(This is a reprint from NewsBred ).
Mike Pompeo, US secretary of state, finishes his three-day visit to India today and a beaming him has made it to the front pages of all the dailies. Don’t be fooled by it. India has moved away from the United States big time.
It’s not a zero-sum game and hands would still be shaken and pictures clicked but the United States wants to swoop on India’s strategic autonomy while Prime Minister Narendra Modi is determined to protect his own turf.
India won’t let go on five squadrons of S-400 missiles from Russia nor would it back down on Iran beyond a point as Modi looks to pivot India for 2050 when the United States would be just one of the great powers and confronted with the possible axis of Russia, India and China.
The United States sees Russia and China as rogue nations who are going broke to dominate Eurasia but neither sanctions against Russia nor tariff wars and threats against China are yielding much. Indeed, Russia and China are now joined at hips and enjoy a bonhomie not seen since the heady Communist days of 1950.
That India has firmly moved into the Russia-China orbit was tellingly visible in the recent Shanghai Cooperation Organization (SCO) Summit in Bishkek, Kyrgyzstan where Narendra Modi chose silence rather than condemnation of China’s Belt and Road Initiative (BRI).
Modi’s India has been an unequivocal critic of BRI but he didn’t say a word in protest against the Bishkek Declaration which praised BRI and bore the endorsement of assembled heads of states.
Modi didn’t praise BRI but he didn’t criticize it either in his own speech. Indeed, he evoked “Wuhan Spirit” to charm the Chinese. Tellingly, it didn’t elicit any sharp barb either from Xi Jinping or Vladimir Putin.
India, critically, has accepted Russia’s invitation to assist China in creating a “Polar Silk Road” in the Arctic Sea, a commercial shipping venture through Russia’s Northern Sea Route as part of the BRI. The project is worth trillions of dollars and would connect the two continents of Europe and Asia with sea. It would bring liquefied natural gas from central-northern Siberia to be delivered across Europe, Japan, South Korea and China of course.
Modi held bilateral meetings on the sidelines with Xi and Putin in Bishkek which is only one of many scheduled between the two leaders in the remaining months of 2019. Modi and Xi would meet thrice, besides an informal summit in India, probably in Varanasi. With Putin, it’s twice as many times in rest of 2019.
That Modi has decided to thumb his nose at the United States is visible on the revival of RIC (Russia, India, China) dialogue which the three nations have decided to hold at the very summit where G20 nations are meeting from Friday—Osaka, Japan. It sure would raise heckles from the US president Donald Trump who would also be present in Osaka.
Modi has been given a mandate by millions of Indians to lead the country on the path of growth and security. It’s only feasible when India pursues its interest with autonomy and not as a stooge of the United States, more so with a whimsical president like Donald Trump at the helm.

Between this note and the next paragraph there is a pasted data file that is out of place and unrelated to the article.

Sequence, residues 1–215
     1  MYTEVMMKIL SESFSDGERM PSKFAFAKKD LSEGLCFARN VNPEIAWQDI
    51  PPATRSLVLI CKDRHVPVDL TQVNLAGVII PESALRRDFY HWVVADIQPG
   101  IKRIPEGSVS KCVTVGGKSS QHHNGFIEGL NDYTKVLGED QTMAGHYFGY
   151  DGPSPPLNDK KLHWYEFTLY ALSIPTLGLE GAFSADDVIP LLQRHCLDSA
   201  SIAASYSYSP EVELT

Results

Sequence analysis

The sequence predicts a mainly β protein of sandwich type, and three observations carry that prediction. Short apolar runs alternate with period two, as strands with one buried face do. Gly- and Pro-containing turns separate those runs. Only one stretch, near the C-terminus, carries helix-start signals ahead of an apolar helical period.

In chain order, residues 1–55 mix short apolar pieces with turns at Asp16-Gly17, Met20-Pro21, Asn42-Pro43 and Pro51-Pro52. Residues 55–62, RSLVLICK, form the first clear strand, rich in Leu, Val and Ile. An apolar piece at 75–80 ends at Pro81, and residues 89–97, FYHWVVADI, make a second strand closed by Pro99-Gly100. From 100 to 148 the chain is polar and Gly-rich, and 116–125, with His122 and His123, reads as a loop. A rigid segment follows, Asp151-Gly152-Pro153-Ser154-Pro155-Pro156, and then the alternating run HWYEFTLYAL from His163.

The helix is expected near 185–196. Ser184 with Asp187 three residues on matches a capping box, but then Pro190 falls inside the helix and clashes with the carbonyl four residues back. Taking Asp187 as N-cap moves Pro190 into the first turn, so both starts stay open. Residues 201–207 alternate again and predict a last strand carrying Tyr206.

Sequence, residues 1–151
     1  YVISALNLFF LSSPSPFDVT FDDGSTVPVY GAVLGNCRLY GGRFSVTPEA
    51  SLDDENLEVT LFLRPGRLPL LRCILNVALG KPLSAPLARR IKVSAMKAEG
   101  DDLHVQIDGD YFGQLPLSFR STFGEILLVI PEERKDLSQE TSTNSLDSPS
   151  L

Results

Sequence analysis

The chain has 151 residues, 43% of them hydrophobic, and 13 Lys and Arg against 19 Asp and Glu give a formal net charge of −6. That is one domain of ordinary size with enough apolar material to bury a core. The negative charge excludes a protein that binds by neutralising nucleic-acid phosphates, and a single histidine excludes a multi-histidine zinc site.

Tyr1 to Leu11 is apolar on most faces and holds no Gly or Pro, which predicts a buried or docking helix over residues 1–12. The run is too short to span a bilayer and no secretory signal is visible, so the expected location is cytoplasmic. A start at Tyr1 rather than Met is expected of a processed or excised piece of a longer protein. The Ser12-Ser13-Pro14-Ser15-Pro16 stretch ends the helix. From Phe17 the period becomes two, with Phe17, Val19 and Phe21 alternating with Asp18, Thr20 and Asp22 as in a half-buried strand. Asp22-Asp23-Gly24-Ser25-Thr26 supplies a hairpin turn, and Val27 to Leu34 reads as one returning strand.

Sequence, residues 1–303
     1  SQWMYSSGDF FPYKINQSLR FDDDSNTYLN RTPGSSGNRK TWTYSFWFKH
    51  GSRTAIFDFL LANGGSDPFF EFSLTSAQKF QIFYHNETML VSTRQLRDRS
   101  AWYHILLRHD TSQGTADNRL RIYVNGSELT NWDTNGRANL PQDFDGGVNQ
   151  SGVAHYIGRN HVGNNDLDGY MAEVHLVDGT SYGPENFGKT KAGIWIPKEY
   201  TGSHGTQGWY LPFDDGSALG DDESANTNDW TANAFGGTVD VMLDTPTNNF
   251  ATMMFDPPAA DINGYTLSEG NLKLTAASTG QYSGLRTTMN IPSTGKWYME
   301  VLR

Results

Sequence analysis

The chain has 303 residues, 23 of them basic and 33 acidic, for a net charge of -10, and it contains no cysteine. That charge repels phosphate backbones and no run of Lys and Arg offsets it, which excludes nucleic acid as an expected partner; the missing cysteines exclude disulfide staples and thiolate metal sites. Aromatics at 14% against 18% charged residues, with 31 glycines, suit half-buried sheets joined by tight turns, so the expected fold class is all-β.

Alice Wells of the US State Department has recently outlined the Indo-Pacific strategy of the United States. Said Wells: “The US, alongside India, Japan, Australia and other trusted allies and partners will support the political and economic autonomy of the Indo-Pacific countries…We cannot allow China or any other country to subvert our partners through unsustainable push economies into unsustainable debt…” Yet, as far as India is concerned—as Modi outlined in Shangri-La Dialogue, “Indo-Pacific” is not a strategy.
The US is also offering the bait of including India in the US’ International Traffic in Arms Regulations (ITAR) which would give India a status equal to one of NATO allies. Along with the status would come the export of high-level military technologies including ballistic missiles, drones, nuclear weapons simulation tools and energy weapons. It’s unlikely India would fall for it given how easily US dumps such pacts—sample TPP (Trans-Pacific Partnership), climate deal of Paris and the nuclear deal with Iran.
The United States knows what the alliance between Russia, China and India would mean. Even a casual look at the geographical map is enough to convey the control these three nations would exercise over the landscape of Eurasia. In wooing India, US is banking too much on the bond of democracy and a commitment to liberal international order which came into being after World War II and had rules and institutions dominated by the United States.
Kiron Skinner of the US State Department has already stated that the US perceives its strategy against China as a “fight with a really different civilization.” India has no such issues. It understands that the global power balance and West’s control of it is on its last leg. China and India are coming on to their own as they have for most of human history. India would push for its strategic autonomy and it lies in opening up access to Iran, deepening military ties with an all-weather friend like Russia, bringing neighbours’ into its orbit and be China’s friend, now that the latter really needs it.
India also knows that it could no longer be ambivalent. The United States and China are polarizing the world and there is no middle ground left for anyone. It has to make a choice and one gets the feeling it already has. If the US wants to pass sanctions against those who go against its wishes, then so be it.
(This is a reprint from NewsBred).
I am not a stockbroker but if I was I would bet big against Donald Trump unleashing a war against Iran.
I mean he heads a country which needed half a million of its servicemen to tame a small Kuwait and prepared six months to arrange for its logistics. How would do you do against a large territory like Iran?
His country United States can’t fight two medium-sized wars and can it really afford to free up Far East and China who would strangulate Taiwan the moment it’s off-radar?
And please don’t give me this Nuclear-muscle nonsense. It works best before you use it. You can nuke a Hiroshima or Nagasaki but you can’t nuke the whole of Iran.